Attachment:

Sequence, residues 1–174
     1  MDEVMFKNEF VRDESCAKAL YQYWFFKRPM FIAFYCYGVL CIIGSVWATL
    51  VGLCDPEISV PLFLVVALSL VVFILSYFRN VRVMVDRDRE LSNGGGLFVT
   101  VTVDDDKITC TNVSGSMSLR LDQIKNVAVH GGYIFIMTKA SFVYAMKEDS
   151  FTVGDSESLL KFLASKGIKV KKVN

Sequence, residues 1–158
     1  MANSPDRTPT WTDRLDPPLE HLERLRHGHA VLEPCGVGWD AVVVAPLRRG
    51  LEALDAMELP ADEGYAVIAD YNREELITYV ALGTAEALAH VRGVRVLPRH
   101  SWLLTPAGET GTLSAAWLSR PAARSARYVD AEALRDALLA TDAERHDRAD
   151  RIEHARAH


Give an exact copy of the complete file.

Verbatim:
Sequence, residues 1–174
     1  MDEVMFKNEF VRDESCAKAL YQYWFFKRPM FIAFYCYGVL CIIGSVWATL
    51  VGLCDPEISV PLFLVVALSL VVFILSYFRN VRVMVDRDRE LSNGGGLFVT
   101  VTVDDDKITC TNVSGSMSLR LDQIKNVAVH GGYIFIMTKA SFVYAMKEDS
   151  FTVGDSESLL KFLASKGIKV KKVN

Sequence, residues 1–158
     1  MANSPDRTPT WTDRLDPPLE HLERLRHGHA VLEPCGVGWD AVVVAPLRRG
    51  LEALDAMELP ADEGYAVIAD YNREELITYV ALGTAEALAH VRGVRVLPRH
   101  SWLLTPAGET GTLSAAWLSR PAARSARYVD AEALRDALLA TDAERHDRAD
   151  RIEHARAH